Then again, this morning, at the coming of dawn, a woman had passed beneath his home, and the scent of rue had drawn him from his garden bower.  What else could such a thing mean but that god was extending his grace?  Surely, she had been sent to him.

He could see her only a little way down the street, holding with care the small package of flowers that she had arose early in the morning to purchase.  Maybe they were for herself.  She would place them in a vase in the morning light and the sun's heat would release their fragrance to fill her home.

Perhaps those flowers were for a lover.  No, he would not entertain such a thought.  If she were sent as a symbol to him, her purity would be immaculate.  There could be no lover, no complications.  This one woman must be innocent and clean, free from his influence.  Like that first woman had been so long ago.

If not, then he was still lost.

Unable to wait any longer, he closed in upon her and called out.

She paused at the sound of his voice, stiff.  In his excitement, he wondered if a connection had been made, and if she realized in that startled moment that their destinies were entwined.  Possibilities thrilled him.  She paused.  He approached, called out again.  She turned.

Timid with apprehension, he avoided her gaze and looked down to the package cradled in her arm.  Horrified, he recognized the logo of an all-night liquor store stenciled on the paper bag.  He'd been to that place, just across the street from his apartment building, its door next to the flower shop.  He was stunned.  She didn't carry flowers; she carried alcohol.  He could smell it on her breath.  Bourbon.  She'd been drawing it straight from the bottle.  Sickened, the man realized that it was her perfume he had smelled, pungent now that he was close.  Mixed with the fetid stench of her breath, it nauseated him.

He needed to turn away, to get as far from that vile creature as he could, but his feet were frozen in place.  Unsuccessfully fighting the compulsion, he looked up to stare into her eyes.

It was an image of corruption—a caricature of sensuality.  He realized that beneath the heavy make-up and bleached hair, he regarded the face of a prostitute.  He'd been lured from his garden by a whore.  Past the crude mask he could see that it was a haggard face, devoid of emotion.  Perhaps she'd been wearied by a night of sin.  Perhaps the baseness of her existence had sucked something intangible from within, leaving only a painted shell.  Perhaps it was the paint alone that held her together.

She was startled; the bottle fell to the sidewalk.  The glass splintered within the bag, and shards tore through paper like bones through skin.

He stepped back a pace and regarded her lifeless façade.  Joy had turned to gall, constricting his throat.  Desperate, given to violence, he considered killing her.  Yet, impossibly mingled somewhere in that brutal assault of sensations, there it was still, the faint scent of rue.  He did nothing, only turn, choking back the bitterness.

The man walked away.  

Winter finally arrived, and snow began to fall.  In the distance, it drew a white shroud over the plants in his erstwhile garden.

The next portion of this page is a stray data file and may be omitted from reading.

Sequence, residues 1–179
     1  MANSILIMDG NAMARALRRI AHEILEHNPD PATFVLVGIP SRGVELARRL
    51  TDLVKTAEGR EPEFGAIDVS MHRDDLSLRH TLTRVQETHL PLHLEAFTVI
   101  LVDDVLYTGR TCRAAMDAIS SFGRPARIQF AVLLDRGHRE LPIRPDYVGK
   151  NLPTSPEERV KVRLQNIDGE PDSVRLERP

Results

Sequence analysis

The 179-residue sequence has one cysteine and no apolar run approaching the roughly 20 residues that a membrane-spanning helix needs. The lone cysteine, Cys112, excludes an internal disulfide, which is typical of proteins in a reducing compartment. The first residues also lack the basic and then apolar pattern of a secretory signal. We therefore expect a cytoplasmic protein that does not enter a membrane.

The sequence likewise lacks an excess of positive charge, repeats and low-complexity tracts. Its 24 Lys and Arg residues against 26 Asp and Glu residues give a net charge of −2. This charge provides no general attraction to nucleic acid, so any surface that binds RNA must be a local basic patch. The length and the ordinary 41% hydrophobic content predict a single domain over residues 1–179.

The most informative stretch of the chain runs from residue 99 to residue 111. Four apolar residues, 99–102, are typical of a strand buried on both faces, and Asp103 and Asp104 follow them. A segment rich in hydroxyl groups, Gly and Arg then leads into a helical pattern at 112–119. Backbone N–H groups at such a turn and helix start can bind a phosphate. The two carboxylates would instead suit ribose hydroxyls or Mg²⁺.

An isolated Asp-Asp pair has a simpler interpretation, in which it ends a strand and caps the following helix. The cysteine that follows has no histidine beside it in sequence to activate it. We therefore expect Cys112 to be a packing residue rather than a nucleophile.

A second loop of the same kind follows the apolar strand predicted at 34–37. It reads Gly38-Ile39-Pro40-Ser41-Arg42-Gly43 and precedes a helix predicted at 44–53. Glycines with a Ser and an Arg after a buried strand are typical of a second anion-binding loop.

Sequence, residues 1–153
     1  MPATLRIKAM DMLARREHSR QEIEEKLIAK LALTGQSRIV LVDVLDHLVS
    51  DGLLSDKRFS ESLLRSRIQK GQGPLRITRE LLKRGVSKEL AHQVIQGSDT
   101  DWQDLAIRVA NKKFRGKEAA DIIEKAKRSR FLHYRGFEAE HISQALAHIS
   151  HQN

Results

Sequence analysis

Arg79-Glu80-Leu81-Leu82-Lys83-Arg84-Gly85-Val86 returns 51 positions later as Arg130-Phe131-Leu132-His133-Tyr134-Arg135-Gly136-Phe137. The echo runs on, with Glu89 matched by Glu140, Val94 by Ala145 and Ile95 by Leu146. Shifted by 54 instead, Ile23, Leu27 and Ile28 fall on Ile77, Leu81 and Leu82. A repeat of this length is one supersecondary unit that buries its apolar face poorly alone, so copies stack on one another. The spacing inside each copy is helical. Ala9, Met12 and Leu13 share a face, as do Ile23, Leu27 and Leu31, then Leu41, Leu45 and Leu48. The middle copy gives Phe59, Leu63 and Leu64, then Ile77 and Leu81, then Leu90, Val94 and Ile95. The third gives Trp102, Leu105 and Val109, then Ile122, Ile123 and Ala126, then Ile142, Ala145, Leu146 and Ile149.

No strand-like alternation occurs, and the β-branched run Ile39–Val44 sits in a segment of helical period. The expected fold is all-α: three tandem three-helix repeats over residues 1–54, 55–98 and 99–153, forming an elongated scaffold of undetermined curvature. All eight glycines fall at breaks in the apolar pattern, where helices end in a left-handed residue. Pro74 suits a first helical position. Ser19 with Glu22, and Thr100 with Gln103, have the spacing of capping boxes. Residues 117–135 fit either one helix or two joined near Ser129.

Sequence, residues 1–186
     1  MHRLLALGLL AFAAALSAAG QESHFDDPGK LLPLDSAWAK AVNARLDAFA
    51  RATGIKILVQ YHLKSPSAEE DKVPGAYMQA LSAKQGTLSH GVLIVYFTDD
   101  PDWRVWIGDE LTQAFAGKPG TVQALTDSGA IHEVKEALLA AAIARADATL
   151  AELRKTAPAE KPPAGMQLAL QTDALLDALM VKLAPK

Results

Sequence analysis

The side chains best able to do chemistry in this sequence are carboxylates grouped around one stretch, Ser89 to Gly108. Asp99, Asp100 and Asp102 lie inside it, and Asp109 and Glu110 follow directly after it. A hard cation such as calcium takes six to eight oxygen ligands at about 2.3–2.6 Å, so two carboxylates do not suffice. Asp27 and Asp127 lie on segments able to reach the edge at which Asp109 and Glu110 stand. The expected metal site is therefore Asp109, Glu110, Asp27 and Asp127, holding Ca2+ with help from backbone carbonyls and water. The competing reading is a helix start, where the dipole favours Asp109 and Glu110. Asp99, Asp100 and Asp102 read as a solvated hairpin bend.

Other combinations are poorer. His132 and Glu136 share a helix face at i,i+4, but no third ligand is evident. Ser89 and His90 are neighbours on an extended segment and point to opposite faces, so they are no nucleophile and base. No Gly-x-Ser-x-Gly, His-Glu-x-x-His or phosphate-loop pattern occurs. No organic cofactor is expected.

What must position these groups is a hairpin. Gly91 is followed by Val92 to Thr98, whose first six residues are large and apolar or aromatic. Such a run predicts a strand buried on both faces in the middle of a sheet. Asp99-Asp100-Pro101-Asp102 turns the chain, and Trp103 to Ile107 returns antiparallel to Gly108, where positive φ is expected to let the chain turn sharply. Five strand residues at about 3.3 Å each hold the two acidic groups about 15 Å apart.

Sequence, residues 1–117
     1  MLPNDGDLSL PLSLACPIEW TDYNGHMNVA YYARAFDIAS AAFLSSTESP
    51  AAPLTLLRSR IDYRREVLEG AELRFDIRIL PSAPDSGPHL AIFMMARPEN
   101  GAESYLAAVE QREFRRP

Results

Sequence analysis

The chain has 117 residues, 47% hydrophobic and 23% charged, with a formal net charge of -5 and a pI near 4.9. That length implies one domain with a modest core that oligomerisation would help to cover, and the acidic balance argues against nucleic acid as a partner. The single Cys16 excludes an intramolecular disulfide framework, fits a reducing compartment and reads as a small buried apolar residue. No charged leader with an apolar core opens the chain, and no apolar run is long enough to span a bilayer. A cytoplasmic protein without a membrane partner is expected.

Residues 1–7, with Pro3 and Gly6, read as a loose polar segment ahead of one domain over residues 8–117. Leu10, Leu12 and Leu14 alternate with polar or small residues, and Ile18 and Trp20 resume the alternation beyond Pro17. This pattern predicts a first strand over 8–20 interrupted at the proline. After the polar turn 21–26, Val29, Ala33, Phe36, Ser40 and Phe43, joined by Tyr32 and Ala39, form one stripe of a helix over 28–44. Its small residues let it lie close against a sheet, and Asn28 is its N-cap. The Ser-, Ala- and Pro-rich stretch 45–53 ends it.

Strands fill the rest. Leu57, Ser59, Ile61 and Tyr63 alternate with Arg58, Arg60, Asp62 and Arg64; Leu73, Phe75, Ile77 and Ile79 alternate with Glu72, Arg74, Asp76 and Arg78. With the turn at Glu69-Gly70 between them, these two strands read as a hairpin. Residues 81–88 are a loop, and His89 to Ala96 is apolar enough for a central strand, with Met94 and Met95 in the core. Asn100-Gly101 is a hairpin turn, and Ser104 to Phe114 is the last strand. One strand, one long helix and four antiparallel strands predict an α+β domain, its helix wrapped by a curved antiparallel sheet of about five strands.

Kenneth D. Reimer

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Last week, I posted a short story describing the experience of a young woman in a concentration camp.  Using a photograph that I took while in Dachau, Germany, I designed this cover to go with the story.  I hope people find that it captures the essence of the story.

Kenneth D. Reimer

Website: http://www.kennethdreimer.com
Amazon Page: http://www.amazon.com/author/kennethdreimer
Smashwords: https://www.smashwords.com/profile/view/Kennethdreimer
Facebook: https://www.facebook.com/kenneth.d.reimer
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To me, the following short story is a tale of strength and quiet defiance. It is an assertion of irrepressible humanity in the midst of another essential human characteristic.

The story was written on the highway between Calgary and Regina. Heading West, the final paragraph pressed itself upon me, and since I was driving, I had to dictate the passage to my companion who thumbed the words into her phone. The rest of the story spoke with increasing insistence until I was able to find some scrap paper, switched to the passenger seat, and feverishly let the words out. (For anyone interested in the writing process, I’ve scanned and posted the notes I scribbled while on the drive.)

I edited this piece, but I hardly feel like I wrote it. Where it came from, I have no idea—the topic was nowhere close to my thoughts. It arrived almost fully-formed, and I was simply the medium used to put it on paper.

I still cannot read it without tears.

Requiem

The door slammed shut, and she could hear the sound of boots thumping down the corridor.  Then silence.  She had once enjoyed silence, but it was now shackled to a sense of apprehension that twisted her insides.  She turned her attention to the heap of clothing that had just been dropped before her.  How long had these awaited delivery to the sorting room?  Had they lain discarded in another chamber, forgotten and growing cold, or could she slide her hands into their midst and still feel warmth—some vestige of that humanity stolen by those boots in the hallway?  Did it really matter?  That warmth would soon fade, and she would feel nothing then but an absence.  

She focused her attention on the business at hand, and after a moment of searching, selected two matching shoes from the pile.  These she set neatly side by side on the plank counter marked “footware.”  Taking up the worn stub of a pencil, she began her list for the day: “One pair of girl’s shoes, brown, size two.”  She glanced down at her own feet shod in tattered remnants and remembered the slippers that she had worn into that place.  It had embarrassed her to leave the apartment in her house slippers, but it had all been too rushed for her to find her shoes, and mother had not been there to help her.  She wondered: Who had sorted her slippers?  Where had they gone?